It hasn’t even been six months since I quaked irrationally with fear as my husband went off with a friend to a sleepy little cinema in western Pennsylvania, weeks after the Aurora shooting. If my kids went to elementary school, I’d be quaking with fear this morning. As it is, all is not well with my soul, and I am willing to bet that a good many of my friends are giving their kids an extra squeeze before putting them on the bus today.
Statistically speaking, these fears are without foundation. Statistically speaking, Mother Julian of Norwich was totally right: all shall be well, and all will be well, and all manner of thing shall be well, and my loved ones will never have to fold themselves into a ball in a janitorial closet to escape the spray of ammunition. But statistically speaking, reflecting on the statistics comforts me perhaps 1% of the time. Mostly six and seven year olds. My God. I have a seven year old.
When my mind wanders across the bay from the house where I grew up to the lovely old town where families sit by Christmas trees where presents will lie unopened, where there will be no begging to stay up until midnight to ring in the New Year, where children will return after the holidays to new teachers because the ‘old’ ones were killed in the line of duty, where the children themselves are no more…I can just barely gasp out one of the essential prayers: God, help. God help them.
And then I remember: we are the hands and feet of God. Not that there is anything that most of us can do for these specific, shattered families (unless you happen to know them.) Their lives have fallen like a china dish to a concrete floor, and while they will spend years carefully gathering and super-gluing the fragments with the help of God, friends, counselors, antidepressants, rest, and time, their lives will forever be a broken dish that’s been repaired. Not every shard will be found, and they’ll always be cracked. Handled gently, they will hold together, but they will never be whole.
But there is more to the story than just Aurora, or Sandy Hook. There are thirty thousand gun-related deaths in the United States each year–something like twenty times more than the next twenty wealthy countries in the world. Children in the US are 13 times more likely to be killed by guns than children in other industrialized countries. As Nick Kristof wrote, “more Americans die in gun homicides and suicides in six months than have died in the last 25 years in every terrorist attack and the wars in Afghanistan and Iraq combined.”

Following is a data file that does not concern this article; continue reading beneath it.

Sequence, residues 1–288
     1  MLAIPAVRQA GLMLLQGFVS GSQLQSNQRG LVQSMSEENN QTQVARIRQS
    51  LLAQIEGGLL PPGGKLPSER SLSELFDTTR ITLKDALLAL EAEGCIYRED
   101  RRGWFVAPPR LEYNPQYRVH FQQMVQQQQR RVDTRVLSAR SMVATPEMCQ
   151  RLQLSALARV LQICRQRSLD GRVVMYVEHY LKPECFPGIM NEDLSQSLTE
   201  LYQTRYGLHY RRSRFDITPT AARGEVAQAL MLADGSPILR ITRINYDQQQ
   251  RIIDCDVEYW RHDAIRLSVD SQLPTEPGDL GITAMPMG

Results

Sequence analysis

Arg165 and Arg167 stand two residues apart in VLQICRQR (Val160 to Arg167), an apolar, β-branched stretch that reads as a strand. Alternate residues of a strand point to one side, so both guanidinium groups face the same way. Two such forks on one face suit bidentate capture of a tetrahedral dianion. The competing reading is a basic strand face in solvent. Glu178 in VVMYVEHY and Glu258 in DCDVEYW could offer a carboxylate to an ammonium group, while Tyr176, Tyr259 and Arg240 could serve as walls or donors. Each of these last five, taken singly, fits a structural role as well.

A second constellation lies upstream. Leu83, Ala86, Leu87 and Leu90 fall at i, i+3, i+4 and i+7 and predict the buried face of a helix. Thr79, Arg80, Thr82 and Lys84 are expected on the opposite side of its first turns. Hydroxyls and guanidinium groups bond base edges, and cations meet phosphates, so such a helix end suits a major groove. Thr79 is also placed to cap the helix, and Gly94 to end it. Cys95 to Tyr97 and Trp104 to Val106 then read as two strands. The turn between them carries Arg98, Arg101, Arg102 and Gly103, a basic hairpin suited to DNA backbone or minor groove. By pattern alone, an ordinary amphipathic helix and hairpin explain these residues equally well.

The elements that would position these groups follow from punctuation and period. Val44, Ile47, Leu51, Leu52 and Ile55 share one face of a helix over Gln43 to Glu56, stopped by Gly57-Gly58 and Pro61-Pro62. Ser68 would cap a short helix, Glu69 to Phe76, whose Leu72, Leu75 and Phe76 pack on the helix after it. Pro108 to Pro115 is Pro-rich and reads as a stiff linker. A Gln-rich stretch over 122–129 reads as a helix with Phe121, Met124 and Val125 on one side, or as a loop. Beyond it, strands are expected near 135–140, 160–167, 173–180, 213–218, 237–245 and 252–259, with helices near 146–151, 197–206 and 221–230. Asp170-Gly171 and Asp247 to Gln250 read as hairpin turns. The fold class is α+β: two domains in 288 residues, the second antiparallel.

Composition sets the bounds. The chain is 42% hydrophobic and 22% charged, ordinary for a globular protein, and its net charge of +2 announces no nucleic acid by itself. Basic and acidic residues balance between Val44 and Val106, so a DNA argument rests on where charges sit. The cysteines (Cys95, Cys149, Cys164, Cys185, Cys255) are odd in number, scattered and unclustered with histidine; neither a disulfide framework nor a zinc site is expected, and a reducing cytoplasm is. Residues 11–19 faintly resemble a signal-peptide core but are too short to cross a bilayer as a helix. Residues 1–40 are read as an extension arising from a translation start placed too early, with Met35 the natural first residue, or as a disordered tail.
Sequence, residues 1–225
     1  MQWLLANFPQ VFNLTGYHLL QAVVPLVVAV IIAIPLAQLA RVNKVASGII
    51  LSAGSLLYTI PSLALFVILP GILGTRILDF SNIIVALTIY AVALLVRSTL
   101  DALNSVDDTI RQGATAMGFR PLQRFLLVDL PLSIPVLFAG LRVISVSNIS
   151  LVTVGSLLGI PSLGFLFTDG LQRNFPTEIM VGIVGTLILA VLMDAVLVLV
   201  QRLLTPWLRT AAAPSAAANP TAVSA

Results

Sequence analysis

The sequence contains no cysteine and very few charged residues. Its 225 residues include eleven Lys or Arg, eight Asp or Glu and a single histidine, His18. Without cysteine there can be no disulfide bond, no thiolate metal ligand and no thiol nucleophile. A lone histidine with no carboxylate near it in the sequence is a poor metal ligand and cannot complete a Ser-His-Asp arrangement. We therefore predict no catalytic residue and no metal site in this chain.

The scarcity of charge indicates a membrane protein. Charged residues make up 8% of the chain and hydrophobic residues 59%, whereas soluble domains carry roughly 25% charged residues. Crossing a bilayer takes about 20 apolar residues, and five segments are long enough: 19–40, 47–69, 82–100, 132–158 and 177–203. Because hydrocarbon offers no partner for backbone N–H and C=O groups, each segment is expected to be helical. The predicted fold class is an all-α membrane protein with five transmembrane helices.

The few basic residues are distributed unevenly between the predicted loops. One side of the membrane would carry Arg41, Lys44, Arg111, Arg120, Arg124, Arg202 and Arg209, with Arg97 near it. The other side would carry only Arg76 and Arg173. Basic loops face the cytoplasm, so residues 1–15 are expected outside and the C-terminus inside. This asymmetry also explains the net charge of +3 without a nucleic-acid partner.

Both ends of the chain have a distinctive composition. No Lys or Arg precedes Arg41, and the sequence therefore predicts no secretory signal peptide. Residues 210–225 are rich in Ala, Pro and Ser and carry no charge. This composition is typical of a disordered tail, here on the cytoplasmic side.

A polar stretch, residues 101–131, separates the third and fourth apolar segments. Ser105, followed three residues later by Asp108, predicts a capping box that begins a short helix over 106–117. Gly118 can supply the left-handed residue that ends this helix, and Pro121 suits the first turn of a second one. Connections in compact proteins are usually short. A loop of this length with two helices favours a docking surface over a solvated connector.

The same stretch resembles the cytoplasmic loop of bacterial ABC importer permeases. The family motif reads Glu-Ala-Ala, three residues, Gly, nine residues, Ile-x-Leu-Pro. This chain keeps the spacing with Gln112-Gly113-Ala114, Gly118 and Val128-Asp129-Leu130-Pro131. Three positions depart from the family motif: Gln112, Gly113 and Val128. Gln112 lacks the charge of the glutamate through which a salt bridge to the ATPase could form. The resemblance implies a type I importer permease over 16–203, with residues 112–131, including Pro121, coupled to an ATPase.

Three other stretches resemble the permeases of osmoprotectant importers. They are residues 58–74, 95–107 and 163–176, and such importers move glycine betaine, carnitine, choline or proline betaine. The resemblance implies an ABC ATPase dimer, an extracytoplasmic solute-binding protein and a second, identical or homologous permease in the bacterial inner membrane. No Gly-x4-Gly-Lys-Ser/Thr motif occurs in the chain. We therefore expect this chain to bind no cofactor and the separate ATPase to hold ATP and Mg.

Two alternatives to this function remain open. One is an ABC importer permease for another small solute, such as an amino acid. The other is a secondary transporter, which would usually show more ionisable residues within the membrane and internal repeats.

Not exactly statistics to take comfort in. And yet, in the crazy world of American politics, “gun control” divides people down the middle, with both sides unable to understand the other. The problem is not people in Montana who have hunting rifles and the odd 357 in case they meet a bear. The problem is that there are more regulations on automobiles than on arms, so that people who want to obtain weapons that have no other purpose than killing people–can we be grown-up about the difference between hunting rifles and assault weapons and handguns, please?–can do so with frightening ease.
Lines like “guns don’t kill people, people kill people,” and “if you outlaw guns, only outlaws will have guns” are purely ideological: pithy substitutes for a look at the facts, which are that guns make killing people shockingly, even accidentally, easy and if you implement strict regulations, it will be harder even for outlaws to get guns and if an armed citizenry were the answer, why has this almost never prevented one of these horrific episodes?
Christians have, rightly, been pointing out that this is a part of the brokenness of the world, that we must cry out to God for healing, that this is a time for prayer, and so on. But if we are the hands and the feet of God for the comfort and helping of the hurting and the grieving, are we not the hands and feet of God for preventive care?
Ever since Constantine had his soldiers put a cross on their shields, Christians have been divided on something that Jesus was shockingly unambiguous about: violence perpetuates violence perpetuates violence perpetuates violence perpetually–and you don’t get to wield or excuse or perpetuate violence in Jesus’ name. That’s blasphemy.
But in many quarters, it seems, to break ranks with conservative American values and say ‘enough with the guns that have no purpose except to kill people’ is a greater blasphemy.
If the name of Jesus is on you–and if you call yourself Christian, it is–then for someone to perpetuate violence in your name is blasphemy. And so I say to lawmakers who won’t stand up to the NRA, who won’t require insurance companies to provide adequate coverage for mental health care, who wage undeclared wars, who criminalize those who should be hospitalized: not in my name.
Yes, this is a time to pray. To pray, and to put up a (nonviolent) fight.